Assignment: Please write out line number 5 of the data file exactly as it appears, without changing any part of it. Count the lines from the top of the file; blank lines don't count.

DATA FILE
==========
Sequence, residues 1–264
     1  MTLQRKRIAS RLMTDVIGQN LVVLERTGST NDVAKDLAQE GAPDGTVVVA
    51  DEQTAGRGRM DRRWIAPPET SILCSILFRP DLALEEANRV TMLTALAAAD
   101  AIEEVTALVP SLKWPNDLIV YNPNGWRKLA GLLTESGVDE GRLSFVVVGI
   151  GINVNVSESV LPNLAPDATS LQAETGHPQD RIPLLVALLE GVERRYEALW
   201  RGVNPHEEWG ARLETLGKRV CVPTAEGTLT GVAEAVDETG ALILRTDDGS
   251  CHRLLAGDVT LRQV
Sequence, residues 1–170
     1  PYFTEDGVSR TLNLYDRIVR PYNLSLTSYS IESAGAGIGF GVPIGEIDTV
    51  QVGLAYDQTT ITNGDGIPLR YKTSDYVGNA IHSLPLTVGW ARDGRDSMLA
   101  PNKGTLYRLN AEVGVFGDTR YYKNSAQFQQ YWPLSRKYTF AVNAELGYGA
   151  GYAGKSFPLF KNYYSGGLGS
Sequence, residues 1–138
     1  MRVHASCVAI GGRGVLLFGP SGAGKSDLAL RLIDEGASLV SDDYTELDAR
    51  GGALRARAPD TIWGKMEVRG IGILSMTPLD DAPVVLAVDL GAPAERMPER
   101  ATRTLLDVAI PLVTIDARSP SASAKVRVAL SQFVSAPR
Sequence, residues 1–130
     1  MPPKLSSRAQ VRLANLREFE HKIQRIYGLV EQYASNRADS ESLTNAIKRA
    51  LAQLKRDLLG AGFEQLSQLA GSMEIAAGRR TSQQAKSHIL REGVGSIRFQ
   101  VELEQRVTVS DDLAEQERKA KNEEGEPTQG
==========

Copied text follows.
   151  GINVNVSESV LPNLAPDATS LQAETGHPQD RIPLLVALLE GVERRYEALW